When city officials pulled the trigger in 2012 by posting details on gun-permit appeals online, they considered it a public service. Now the data have become a $1.4 million public expense.
The Nutter administration said Tuesday it had settled a class-action lawsuit with 3,265 Philadelphians who were denied a license to carry firearms by the Police Department or had a permit revoked and then appealed to the Department of Licenses and Inspections, which posted the information online.
The postings - on a new interactive website - came as a result of L&I's effort to be more transparent following an executive order on open data signed by Mayor Nutter in April 2012. The department posted several data sets, including gun permit appeals that contained applicants' names, addresses, and appeal information.
The applicants had to describe in the appeal documents why they needed a firearm. Some people stated that they have to carry a lot of cash at night, said Benjamin Picker, one of the lawyers who filed the suit, and making that information public exposed applicants to peril.
City officials "simply didn't do their homework before releasing the data," Picker said. "It was a road map for criminals."
What's more, the plaintiffs' lawyers said, the Pennsylvania Uniform Firearms Act has a confidentiality provision that "all information provided by the potential purchaser, transferee or applicant, including but not limited to, the potential purchaser, transferee or applicant's name or identity . . . shall be confidential and not subject to public disclosure."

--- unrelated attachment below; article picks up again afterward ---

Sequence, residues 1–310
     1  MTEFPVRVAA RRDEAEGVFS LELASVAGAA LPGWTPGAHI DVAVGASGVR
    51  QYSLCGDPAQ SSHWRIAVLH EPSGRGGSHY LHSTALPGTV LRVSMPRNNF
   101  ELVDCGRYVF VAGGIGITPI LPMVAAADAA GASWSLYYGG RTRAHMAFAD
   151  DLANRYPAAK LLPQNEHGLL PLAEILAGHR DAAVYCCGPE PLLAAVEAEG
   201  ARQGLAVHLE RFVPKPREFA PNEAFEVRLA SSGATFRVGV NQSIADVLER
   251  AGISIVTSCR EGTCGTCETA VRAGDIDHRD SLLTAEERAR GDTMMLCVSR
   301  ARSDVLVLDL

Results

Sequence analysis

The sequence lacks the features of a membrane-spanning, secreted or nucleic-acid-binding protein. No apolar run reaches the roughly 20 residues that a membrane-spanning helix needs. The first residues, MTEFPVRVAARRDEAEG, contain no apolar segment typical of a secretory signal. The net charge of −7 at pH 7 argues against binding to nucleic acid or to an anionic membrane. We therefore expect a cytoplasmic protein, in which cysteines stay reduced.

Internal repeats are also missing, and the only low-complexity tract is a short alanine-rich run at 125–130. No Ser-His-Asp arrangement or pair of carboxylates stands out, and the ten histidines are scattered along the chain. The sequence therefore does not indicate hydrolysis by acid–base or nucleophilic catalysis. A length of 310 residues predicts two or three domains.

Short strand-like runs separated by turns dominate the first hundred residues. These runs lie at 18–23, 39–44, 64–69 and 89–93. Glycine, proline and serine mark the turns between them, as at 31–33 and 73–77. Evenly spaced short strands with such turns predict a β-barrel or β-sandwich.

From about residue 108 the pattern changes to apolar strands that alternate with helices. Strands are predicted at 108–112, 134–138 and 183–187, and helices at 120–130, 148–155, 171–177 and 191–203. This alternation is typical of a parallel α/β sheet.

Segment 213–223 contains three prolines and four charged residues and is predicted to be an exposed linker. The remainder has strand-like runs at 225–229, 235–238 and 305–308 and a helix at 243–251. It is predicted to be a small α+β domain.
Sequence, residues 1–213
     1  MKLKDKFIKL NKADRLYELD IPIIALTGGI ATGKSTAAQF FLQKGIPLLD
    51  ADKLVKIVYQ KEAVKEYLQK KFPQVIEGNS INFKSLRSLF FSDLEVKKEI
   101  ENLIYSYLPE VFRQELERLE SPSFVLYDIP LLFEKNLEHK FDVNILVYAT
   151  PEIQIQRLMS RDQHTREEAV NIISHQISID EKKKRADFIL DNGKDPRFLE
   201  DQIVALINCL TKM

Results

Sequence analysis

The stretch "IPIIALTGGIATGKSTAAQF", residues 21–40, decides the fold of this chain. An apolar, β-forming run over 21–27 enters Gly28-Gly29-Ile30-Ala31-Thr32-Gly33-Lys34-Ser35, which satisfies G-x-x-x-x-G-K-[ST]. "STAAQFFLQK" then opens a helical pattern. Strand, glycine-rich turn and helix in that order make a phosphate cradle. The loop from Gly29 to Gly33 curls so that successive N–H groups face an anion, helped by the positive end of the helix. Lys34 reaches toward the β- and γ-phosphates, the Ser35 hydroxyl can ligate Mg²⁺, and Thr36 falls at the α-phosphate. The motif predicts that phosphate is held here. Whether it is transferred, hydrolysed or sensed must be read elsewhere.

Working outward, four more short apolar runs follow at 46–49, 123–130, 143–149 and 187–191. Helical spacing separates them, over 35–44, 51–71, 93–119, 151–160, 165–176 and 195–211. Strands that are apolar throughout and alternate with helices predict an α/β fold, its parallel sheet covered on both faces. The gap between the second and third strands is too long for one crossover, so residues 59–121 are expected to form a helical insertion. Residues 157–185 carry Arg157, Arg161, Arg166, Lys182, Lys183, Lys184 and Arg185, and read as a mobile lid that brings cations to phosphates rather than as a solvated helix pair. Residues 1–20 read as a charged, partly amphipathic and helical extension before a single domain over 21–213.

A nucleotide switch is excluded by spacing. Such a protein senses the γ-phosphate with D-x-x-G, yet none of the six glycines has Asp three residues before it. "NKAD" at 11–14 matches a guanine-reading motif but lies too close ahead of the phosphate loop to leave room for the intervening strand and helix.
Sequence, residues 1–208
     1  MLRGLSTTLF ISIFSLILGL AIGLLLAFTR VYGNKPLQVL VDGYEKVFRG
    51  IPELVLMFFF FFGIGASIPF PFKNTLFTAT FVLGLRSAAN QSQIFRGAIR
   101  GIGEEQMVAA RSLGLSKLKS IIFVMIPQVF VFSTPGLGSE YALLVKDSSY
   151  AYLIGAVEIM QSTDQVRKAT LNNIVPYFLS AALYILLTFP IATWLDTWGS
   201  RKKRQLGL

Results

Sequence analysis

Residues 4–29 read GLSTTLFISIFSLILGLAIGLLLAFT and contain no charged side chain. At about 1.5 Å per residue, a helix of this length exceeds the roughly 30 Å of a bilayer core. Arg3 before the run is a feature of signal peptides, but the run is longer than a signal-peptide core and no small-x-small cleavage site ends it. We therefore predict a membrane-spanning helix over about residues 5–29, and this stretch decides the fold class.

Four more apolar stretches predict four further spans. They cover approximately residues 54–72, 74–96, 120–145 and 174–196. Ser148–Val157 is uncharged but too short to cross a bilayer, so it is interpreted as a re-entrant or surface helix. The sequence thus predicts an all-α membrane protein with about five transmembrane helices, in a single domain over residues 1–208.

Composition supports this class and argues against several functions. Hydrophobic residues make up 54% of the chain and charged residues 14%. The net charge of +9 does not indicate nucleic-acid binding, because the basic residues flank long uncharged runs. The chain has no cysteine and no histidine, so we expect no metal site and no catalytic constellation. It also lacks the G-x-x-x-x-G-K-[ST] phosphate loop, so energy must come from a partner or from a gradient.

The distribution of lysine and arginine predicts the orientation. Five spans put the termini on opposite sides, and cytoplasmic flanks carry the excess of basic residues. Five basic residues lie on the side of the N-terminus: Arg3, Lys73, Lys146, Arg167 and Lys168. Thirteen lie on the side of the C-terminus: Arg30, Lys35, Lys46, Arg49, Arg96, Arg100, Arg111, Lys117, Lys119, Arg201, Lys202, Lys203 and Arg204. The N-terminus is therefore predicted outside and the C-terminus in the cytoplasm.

Craig Straw, the city lawyer who handled the case, said there was some ambiguity in the law, including whether appeal information is confidential.
The website was taken down after three days.
"There was some consultation, but there was miscommunication among all the parties," Straw said, adding that the Police Department requested that the information be taken down.
"It was decided we should take the website down just to err on the side of being cautious," Straw said.
The settlement, reached last month, must still be approved by Common Pleas Court Judge Jacqueline Allen. The city admitted no fault.
The settlement calls for applicants whose personal information was made public to be compensated with cash. The 2,188 people whose information was part of the live database will receive about $440 each. The 1,077 people who are part of a separate class in the lawsuit - those whose information was kept in a city database accessible to city employees and contractors, but not posted online for the general public - will receive $25 each.
The confidentiality provision of the state gun law, the plaintiffs' lawyers said, states that any person or government agency that violates the confidentiality subsection must pay $1,000 in damages per occurrence or "three times the actual damages incurred as a result of the violation, whichever is greater."
The $440 and $25 the defendants will get in this case was a compromise, attorneys on both sides said.
The settlement also includes various policy changes, including faster processing of applications for a license and permit confidentiality training for the Police Department.
If the court approves the settlement, checks will be mailed to all 3,265 people on file. If checks are not cashed or deposited within 90 days of mailing, the uncollected funds will be dispersed equally among three funds: the NRA Civil Rights Defense Fund, the Philadelphia NRA Eddie Eagle Program, and the School District of Philadelphia
The plaintiffs' attorneys said that policy and administrative changes promised by the city were more significant than the money.
"The settlement allows people with very different views to be around this highly politicized object in a way that makes everyone safer because rules of engagement are clearer," Jonathan Goldstein, one of the attorneys, said.